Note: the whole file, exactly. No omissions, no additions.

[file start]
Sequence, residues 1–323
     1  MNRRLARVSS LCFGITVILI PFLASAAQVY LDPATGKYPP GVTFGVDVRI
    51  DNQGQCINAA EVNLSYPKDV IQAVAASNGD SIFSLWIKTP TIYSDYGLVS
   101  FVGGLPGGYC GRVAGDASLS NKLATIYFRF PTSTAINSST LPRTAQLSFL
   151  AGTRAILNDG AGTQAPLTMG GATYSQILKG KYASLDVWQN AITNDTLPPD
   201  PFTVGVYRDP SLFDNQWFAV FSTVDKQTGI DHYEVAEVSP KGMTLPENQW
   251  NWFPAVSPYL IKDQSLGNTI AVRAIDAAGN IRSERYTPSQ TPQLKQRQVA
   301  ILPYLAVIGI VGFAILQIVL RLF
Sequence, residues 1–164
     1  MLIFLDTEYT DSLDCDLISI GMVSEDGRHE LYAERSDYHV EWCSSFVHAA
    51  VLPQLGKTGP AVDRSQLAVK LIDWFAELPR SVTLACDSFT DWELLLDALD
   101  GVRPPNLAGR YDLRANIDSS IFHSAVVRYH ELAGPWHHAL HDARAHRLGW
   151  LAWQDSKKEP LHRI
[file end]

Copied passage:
Sequence, residues 1–323
     1  MNRRLARVSS LCFGITVILI PFLASAAQVY LDPATGKYPP GVTFGVDVRI
    51  DNQGQCINAA EVNLSYPKDV IQAVAASNGD SIFSLWIKTP TIYSDYGLVS
   101  FVGGLPGGYC GRVAGDASLS NKLATIYFRF PTSTAINSST LPRTAQLSFL
   151  AGTRAILNDG AGTQAPLTMG GATYSQILKG KYASLDVWQN AITNDTLPPD
   201  PFTVGVYRDP SLFDNQWFAV FSTVDKQTGI DHYEVAEVSP KGMTLPENQW
   251  NWFPAVSPYL IKDQSLGNTI AVRAIDAAGN IRSERYTPSQ TPQLKQRQVA
   301  ILPYLAVIGI VGFAILQIVL RLF
Sequence, residues 1–164
     1  MLIFLDTEYT DSLDCDLISI GMVSEDGRHE LYAERSDYHV EWCSSFVHAA
    51  VLPQLGKTGP AVDRSQLAVK LIDWFAELPR SVTLACDSFT DWELLLDALD
   101  GVRPPNLAGR YDLRANIDSS IFHSAVVRYH ELAGPWHHAL HDARAHRLGW
   151  LAWQDSKKEP LHRI